No arrest has been made as yet in the attempted kidnapping of a student from Eagle Rock High on Jan. 22. Detectives from the Los Angeles Police Department told the Boulevard Sentinel they are still investigating, but have no details to release beyond what is already known. To recap: A high school junior walking home from school at about 3:30 p.m. was followed by a man who attempted to pull her into his car, a black, four-door vehicle, near the corner of Escarpa Drive and Campus Road. She broke free and ran home, where her mother called the police.
Recent crimes at and near L.A. schools and across the nation have again raised awareness and questions about security on and around campuses. Two police officers with the L.A. School Police Department patrol inside Eagle Rock High School and in the surrounding neighborhood, but they can be dispatched to Franklin High School in Highland Park and other parts of L.A.
On Feb. 1, for example, the officers for Eagle Rock High had to leave in the middle of a morning meeting with Mylene Keipp, the principal at ERHS, to respond to a school shooting at Salvador Castro Middle School in Westlake, west of downtown L.A.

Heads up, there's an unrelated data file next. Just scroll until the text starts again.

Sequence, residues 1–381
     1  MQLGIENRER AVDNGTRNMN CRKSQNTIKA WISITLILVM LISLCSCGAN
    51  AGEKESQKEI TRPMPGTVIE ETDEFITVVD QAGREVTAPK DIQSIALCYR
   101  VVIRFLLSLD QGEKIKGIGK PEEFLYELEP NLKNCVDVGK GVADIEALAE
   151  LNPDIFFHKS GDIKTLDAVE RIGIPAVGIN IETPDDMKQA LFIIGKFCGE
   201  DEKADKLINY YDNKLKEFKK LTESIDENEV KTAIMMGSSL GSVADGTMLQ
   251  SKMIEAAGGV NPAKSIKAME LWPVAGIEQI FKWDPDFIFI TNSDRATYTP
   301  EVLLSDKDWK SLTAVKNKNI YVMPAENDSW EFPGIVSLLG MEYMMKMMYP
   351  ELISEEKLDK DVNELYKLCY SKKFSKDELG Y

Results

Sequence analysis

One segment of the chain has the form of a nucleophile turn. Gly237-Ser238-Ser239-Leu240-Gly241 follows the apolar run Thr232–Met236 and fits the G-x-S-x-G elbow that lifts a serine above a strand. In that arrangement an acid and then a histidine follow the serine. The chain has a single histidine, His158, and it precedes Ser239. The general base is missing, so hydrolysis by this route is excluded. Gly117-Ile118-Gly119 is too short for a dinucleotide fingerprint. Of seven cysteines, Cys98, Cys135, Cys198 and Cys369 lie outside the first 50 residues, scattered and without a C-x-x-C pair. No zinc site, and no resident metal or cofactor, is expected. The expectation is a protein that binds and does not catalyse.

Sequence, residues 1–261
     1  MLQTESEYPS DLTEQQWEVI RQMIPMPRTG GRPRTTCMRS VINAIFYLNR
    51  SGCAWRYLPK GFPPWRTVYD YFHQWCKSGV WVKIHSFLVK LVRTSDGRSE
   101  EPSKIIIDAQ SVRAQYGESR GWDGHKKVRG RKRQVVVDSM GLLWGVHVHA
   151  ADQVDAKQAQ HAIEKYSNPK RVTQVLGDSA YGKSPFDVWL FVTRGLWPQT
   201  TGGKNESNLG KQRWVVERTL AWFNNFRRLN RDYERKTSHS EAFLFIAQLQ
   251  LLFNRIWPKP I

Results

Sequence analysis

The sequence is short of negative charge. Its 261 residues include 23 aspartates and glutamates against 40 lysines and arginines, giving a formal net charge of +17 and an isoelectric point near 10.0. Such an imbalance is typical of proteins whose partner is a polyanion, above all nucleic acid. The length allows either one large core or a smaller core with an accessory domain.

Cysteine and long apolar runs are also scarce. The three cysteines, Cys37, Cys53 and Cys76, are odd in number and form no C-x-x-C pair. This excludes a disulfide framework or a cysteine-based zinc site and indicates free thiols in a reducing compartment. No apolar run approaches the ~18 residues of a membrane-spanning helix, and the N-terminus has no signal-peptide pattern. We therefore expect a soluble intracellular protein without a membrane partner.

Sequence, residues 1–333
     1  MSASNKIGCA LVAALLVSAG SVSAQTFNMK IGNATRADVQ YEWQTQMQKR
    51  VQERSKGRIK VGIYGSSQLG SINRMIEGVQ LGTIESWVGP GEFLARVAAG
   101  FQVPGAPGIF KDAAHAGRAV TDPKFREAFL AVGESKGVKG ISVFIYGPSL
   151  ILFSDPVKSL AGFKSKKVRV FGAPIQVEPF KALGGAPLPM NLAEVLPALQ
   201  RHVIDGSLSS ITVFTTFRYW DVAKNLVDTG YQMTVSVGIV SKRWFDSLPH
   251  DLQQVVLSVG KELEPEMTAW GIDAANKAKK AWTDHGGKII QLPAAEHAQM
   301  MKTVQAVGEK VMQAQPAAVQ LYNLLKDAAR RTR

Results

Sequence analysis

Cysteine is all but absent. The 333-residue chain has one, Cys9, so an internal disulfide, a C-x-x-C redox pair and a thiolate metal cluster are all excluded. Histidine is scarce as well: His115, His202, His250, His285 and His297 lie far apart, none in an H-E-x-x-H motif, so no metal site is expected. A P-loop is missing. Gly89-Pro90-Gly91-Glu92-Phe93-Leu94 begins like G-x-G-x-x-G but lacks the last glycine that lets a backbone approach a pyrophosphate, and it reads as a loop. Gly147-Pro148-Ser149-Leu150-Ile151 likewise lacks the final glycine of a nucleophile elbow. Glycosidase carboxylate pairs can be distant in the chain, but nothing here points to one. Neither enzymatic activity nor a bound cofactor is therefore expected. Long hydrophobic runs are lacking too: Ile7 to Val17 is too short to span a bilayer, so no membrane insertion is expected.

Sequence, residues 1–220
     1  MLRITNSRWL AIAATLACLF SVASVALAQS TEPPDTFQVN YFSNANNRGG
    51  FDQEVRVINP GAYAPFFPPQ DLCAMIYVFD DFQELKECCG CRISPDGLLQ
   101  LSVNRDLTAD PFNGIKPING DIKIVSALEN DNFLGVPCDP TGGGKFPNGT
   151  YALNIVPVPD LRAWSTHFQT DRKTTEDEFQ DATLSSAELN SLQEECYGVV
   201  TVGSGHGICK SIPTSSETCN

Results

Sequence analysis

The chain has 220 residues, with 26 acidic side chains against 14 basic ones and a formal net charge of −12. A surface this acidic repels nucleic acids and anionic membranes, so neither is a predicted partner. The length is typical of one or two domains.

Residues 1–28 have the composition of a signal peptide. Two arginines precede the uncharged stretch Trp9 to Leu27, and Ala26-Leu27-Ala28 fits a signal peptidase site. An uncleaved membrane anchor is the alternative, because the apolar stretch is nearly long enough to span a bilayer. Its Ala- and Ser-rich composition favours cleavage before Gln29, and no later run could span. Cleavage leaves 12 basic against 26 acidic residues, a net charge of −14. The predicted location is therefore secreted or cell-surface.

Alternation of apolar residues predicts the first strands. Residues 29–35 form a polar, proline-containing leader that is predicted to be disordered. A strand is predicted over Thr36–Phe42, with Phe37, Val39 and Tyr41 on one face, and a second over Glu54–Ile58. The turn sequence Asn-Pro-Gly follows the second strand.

To hire and assign more police would likely require cutting resources for other school needs. Moreover, school policing strategies have limitations, in part because security measures like fences, random searches, metal detectors and armed officers can make schools seem more like prisons.
Shortly after the abduction attempt in January, Ms. Keipp alerted all parents by email.
On Feb. 21, a week after the deadly school shooting in Parkland, FL, Steven Zipperman, the chief of the L.A. School Police, posted a safety message on the website of the Los Angeles Unified School District saying that school police “will use every available method and practice to protect school communities.”
You can read the letter in full at home.lausd.net